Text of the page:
Sorry, who is Arauz?
The vice-presidential candidate in this election. He was the presidential candidate in 2021. Now, Arauz has had a proposal to give a $1,000 bonus to all Ecuadoran citizens. I believe it was all directed to the female heads of households as a way to stimulate the economy during the pandemic. Yaku Pérez, in the debate, said that was a bad idea because the poor people had never seen that money before, and they would spend it on beer. It’s an ignorant statement that you get from a Trump supporter.
When it came to criticizing Correa for years, he basically echoed the right-wing talking points. There’s too much public spending. This is all just a waste of money. There are too many taxes. He echoes the whole right-wing talking points, but then he adds some environmental rhetoric. He claims he’s against mining. He puts an environmental spin on some of his positions. He’s ultimately a very reactionary person. He openly relished the role he played in 2021 in the indigenous movement calling for a null vote, calling for abstention. He was on Twitter openly celebrating the fact that it cost Correa’s candidacy and put Lasso in office.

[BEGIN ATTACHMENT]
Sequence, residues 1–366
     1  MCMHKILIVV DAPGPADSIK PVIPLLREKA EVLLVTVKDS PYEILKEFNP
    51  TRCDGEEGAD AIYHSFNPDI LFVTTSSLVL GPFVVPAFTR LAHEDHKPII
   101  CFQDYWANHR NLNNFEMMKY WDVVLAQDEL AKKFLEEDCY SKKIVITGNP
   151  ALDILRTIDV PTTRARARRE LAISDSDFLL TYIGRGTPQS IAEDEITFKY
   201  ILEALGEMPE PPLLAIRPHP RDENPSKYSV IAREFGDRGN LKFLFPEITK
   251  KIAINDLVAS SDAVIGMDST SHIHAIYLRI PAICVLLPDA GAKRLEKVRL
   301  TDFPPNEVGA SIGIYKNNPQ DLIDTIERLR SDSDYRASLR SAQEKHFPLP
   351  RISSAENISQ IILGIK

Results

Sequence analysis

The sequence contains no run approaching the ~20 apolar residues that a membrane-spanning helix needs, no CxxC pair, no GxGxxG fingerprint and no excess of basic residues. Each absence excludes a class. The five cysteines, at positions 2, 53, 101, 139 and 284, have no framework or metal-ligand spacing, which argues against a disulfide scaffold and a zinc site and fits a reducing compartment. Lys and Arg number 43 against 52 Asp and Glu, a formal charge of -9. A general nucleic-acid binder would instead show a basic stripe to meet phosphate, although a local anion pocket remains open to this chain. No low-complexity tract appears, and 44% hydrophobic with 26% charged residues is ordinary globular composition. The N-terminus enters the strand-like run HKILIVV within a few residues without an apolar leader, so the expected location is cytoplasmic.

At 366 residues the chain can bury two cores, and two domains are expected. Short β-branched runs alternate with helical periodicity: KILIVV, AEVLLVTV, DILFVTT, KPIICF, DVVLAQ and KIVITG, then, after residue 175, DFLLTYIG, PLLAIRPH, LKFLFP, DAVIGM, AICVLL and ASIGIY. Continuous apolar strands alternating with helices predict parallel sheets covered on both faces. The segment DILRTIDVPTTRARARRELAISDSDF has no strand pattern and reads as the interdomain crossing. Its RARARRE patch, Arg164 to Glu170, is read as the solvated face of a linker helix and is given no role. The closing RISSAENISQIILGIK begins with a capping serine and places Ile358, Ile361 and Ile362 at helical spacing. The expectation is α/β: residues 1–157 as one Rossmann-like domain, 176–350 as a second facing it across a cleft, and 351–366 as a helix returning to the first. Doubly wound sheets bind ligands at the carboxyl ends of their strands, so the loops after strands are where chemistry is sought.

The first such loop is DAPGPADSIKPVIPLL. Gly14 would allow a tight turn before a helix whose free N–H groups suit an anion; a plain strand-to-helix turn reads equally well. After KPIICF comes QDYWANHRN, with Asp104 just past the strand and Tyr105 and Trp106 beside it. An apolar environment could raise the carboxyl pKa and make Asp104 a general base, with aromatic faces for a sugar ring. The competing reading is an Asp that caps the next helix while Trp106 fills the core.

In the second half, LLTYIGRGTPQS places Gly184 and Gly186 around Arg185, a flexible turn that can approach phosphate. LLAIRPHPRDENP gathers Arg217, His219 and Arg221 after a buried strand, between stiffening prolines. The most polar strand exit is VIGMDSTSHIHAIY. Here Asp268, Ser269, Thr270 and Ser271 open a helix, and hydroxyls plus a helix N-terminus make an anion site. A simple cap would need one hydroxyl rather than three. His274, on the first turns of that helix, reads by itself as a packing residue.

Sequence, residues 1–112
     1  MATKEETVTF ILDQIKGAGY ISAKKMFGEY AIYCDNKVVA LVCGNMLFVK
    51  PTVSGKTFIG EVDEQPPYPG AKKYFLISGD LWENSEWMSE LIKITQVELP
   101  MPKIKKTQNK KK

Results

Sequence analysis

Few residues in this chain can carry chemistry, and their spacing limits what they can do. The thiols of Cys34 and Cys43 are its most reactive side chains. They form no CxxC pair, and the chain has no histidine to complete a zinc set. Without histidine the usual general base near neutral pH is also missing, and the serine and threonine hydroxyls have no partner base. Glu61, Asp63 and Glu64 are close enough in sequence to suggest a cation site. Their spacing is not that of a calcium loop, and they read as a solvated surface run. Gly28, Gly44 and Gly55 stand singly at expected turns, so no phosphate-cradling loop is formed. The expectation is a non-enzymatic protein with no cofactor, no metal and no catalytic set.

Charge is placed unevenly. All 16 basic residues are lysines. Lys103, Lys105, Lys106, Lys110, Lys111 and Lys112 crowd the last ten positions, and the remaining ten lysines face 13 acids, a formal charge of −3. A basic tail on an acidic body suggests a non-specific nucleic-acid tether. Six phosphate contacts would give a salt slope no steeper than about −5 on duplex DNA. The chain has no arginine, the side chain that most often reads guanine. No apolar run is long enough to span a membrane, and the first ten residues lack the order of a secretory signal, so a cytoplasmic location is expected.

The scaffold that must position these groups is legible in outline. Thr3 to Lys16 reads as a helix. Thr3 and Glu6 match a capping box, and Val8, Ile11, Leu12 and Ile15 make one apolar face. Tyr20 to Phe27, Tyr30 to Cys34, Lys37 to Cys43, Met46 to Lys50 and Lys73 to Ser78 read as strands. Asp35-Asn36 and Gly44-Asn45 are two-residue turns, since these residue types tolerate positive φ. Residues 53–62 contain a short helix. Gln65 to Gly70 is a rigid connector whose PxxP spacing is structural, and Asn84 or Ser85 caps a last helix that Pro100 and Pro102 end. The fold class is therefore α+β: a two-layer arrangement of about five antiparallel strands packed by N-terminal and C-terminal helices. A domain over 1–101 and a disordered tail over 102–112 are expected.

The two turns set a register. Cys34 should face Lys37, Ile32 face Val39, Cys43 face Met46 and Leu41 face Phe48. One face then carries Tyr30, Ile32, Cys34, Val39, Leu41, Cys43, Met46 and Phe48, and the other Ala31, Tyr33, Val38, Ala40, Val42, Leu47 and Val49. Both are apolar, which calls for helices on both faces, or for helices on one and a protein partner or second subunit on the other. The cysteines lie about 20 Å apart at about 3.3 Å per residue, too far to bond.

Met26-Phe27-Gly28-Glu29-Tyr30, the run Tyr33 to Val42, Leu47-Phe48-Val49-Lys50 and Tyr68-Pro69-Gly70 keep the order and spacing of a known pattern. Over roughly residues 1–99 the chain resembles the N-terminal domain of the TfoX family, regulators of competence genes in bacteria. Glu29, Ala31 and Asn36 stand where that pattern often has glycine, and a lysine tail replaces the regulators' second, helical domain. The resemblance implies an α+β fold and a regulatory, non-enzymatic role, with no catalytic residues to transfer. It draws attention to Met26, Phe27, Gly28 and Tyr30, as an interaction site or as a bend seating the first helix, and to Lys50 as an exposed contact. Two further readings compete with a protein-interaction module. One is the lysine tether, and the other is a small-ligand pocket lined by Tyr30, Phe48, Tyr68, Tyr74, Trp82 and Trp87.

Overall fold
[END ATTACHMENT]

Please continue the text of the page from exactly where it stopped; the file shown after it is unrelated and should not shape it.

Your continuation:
In fact, in 2017, he openly endorsed Lasso, the very right-wing candidate. Over and over again, he’s shown what he’s about. Sometimes people believe his own spin or the spin that other people put on his views, and they try to project him as a left-wing candidate when he’s obviously not.
Well, the election is coming up very soon, on August 20, and we’ll see then what happens. Hopefully, everything goes well, considering that we’ve got this state of emergency that Lasso just called. We’ll definitely check in again on the state of things, and we’ll leave it there for now.
I was speaking to Joe Emersberger, a Canadian engineer who regularly writes on Latin American issues, particularly for his new website, a new Substack page. Thanks again, Joe, for having joined me today.
Thank you, our audience, for joining The World On Fire. Until next time.
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Joe Emersberger is a writer based in Canada whose work has appeared in Telesur English, ZNet and CounterPunch. He is the co-author of Extraordinary Threat: The US Empire, the Media and 20 Years of Coup Attempts in Venezuela,
published by Monthly Review.